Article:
A month later, what was more remarkable than the fact that an impeachment-obsessed Congress passed a 1999 budget at all was a historic allocation for AIDS contained within. Cobbled together from general appropriations monies and HHS discretionary funds, $130 million -- over and above the $4 million already allocated for AIDS -- was earmarked specifically to expand HIV prevention, substance abuse programs and treatment access in African-American communities for 1999. Fraser-Howze, for one, was floored. Finally a significant federal commitment had been won. “Never in the history of the epidemic has anybody successfully negotiated $130 million like this,” she said. “This is the start of a revolution.”
Fraser-Howze’s remark may seem a bit breathless in retrospect, but even a sober activist like Wilson believes that, due to intensive closed-door work by black AIDS advocates, most of those millions will make it into the hands of black-run groups -- a significant windfall. Equally important in the months between the Black Caucus’ first big May press conference on AIDS and the October victory, there were signs of a growing community response. At the NAACP’s national convention in Atlanta last July, with the Black Caucus conference fast approaching, Bond, the group’s chair, stated that the NAACP would step up efforts in the fight for equal distribution of AIDS services. “We have a history of activism against AIDS...but much, much more needs to be done,” he said in a July speech before 3,500 NAACP members. “AIDS has become a black epidemic.” Then, in a letter to The New York Times, NAACP President Kweisi Mfume pointed to his group’s recent “Outrage over AIDS” march, saying efforts like this have “set the direction” for programs at each of their more than 2,200 branches.
In August, both the National Medical Association and Delta Sigma Theta, a black sorority, issued statements vowing more action on AIDS. Perhaps most promising, less than two weeks after the close of the Black Caucus’ September conference, the CDC announced, for the first time, a cooperative agreement (a partnership that conveys both prestige and funding) with an African-American AIDS organization -- Balm in Gilead.
Singleton-McDonald, measuring the amount of money against the scale of the epidemic, calls it only “a beginning step.” It has become almost received wisdom that, as she says, “white gay males did a good job of mobilizing quickly” around the epidemic, and African Americans did not. But the black community won this financial commitment -- upped to $156 million (some of which will go to Latino groups as well) on October 28 by Clinton at a press conference where he said, “We must use all our power to end the growing disparities in HIV and AIDS” -- in a year when mainstream AIDS organizations, even behemoths like GMHC and AIDS Project Los Angeles, suffered declines in both donor giving and overall budgets.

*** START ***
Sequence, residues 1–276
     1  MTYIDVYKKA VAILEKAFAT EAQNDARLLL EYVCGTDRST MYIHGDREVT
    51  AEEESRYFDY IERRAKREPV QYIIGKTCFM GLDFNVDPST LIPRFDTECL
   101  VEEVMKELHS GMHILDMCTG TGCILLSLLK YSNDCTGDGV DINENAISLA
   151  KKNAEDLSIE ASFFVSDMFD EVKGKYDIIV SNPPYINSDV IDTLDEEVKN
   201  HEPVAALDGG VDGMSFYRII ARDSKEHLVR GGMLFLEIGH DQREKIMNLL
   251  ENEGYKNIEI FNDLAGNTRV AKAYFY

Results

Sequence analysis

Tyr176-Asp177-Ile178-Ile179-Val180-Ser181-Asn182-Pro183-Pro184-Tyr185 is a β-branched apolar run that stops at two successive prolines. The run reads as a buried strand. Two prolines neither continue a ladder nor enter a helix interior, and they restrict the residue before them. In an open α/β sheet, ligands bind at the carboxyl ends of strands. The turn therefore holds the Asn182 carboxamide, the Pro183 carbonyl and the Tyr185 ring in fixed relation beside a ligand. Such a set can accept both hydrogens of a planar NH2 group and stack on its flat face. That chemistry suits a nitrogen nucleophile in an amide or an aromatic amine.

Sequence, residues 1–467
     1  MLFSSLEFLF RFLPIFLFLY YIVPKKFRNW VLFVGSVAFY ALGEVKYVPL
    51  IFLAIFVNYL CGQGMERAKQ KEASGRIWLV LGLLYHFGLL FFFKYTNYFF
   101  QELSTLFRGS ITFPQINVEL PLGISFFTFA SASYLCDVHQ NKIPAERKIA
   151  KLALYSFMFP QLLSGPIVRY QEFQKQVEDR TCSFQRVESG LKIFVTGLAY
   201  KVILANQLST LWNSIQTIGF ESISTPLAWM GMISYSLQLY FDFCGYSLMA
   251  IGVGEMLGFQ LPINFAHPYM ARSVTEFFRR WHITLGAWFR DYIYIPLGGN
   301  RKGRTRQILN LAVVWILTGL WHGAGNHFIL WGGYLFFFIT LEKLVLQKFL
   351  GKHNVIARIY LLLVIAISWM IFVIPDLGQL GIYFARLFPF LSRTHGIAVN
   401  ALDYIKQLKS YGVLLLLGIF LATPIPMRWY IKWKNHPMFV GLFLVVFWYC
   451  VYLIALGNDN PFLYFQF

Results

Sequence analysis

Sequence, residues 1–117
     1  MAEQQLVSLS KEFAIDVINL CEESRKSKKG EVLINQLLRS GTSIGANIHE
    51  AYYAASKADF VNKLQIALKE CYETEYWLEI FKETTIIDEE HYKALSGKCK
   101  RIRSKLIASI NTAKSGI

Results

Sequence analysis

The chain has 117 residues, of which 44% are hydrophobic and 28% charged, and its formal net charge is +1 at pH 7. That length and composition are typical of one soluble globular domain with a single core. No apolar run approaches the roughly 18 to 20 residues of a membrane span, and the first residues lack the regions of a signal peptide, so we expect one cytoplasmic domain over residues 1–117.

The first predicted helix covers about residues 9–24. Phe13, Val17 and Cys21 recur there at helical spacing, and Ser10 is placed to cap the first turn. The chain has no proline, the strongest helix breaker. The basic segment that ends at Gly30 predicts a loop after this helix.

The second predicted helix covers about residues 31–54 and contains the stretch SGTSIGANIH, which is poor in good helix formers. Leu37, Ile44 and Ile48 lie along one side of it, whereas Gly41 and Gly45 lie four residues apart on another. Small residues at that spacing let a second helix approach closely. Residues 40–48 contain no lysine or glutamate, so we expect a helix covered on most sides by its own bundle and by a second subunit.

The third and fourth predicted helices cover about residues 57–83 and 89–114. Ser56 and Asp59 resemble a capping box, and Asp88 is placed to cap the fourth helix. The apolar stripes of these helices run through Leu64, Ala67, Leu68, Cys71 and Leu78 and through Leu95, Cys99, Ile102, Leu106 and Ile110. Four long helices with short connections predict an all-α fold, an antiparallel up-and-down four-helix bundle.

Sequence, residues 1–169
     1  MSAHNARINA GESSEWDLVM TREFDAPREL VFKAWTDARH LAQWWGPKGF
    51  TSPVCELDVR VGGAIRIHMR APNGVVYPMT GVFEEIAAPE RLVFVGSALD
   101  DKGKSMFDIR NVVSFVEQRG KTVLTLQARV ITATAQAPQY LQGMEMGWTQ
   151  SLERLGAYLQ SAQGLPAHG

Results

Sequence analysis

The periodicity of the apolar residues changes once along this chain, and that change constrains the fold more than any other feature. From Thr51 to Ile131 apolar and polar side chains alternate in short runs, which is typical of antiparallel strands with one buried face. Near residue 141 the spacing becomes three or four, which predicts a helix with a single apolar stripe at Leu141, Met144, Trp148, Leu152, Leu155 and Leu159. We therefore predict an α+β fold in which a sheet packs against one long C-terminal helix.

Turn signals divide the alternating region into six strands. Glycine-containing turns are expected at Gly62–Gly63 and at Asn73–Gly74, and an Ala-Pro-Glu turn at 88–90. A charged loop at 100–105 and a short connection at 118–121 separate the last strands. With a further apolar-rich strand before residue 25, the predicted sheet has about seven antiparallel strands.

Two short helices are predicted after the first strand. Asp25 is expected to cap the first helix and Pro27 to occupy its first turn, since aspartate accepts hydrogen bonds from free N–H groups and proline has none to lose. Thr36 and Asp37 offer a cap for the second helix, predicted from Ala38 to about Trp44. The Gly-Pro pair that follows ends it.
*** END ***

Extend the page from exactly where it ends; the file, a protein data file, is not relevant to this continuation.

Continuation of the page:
According to Daniel Zingale, a white gay man and the executive director of DC’s AIDS Action, “The strongest leadership in the fight against the epidemic is now coming from the black community.”
Local leaders like Wright are poised to take advantage of the moment. With little prompting, he spouts off an action plan as if he’s rehearsed it many times: “Local leadership should work collaboratively to present forums, seminars and workshops once or twice a year. In addition to churches, civil rights organizations need to have it front and center at every single one of their meetings. Traditional leadership need to be the ones to raise it with the school boards, principals and local school councils. And our sports and music figures and radio personalities need to publicly come out to educate people.” The impatience in his voice has been years in the making.
Waters, too, has grown tired of hearing, “Why don’t you do something about AIDS?” She is tired of people “who don’t feel a sense of their own power” sitting around and “waiting for Jesse Jackson. If we took our individual power and pooled it, we could really do a lot,” she says. “If we had thousands of people who are involved in the AIDS issue faxing Donna Shalala and the president while I’m in the back room cussing people out, then we’d get something done.”
Wilson, speaking on the afternoon of President Clinton’s self-congratulatory announcement of the funds, agrees: “No one has yet found a way to energize the community itself. There have been a gazillion ’moments’” like this Black Caucus victory, he says. “But it’s only a big deal if there’s a force to continue it. We need to always be asking the question, ’What’s the next step?’”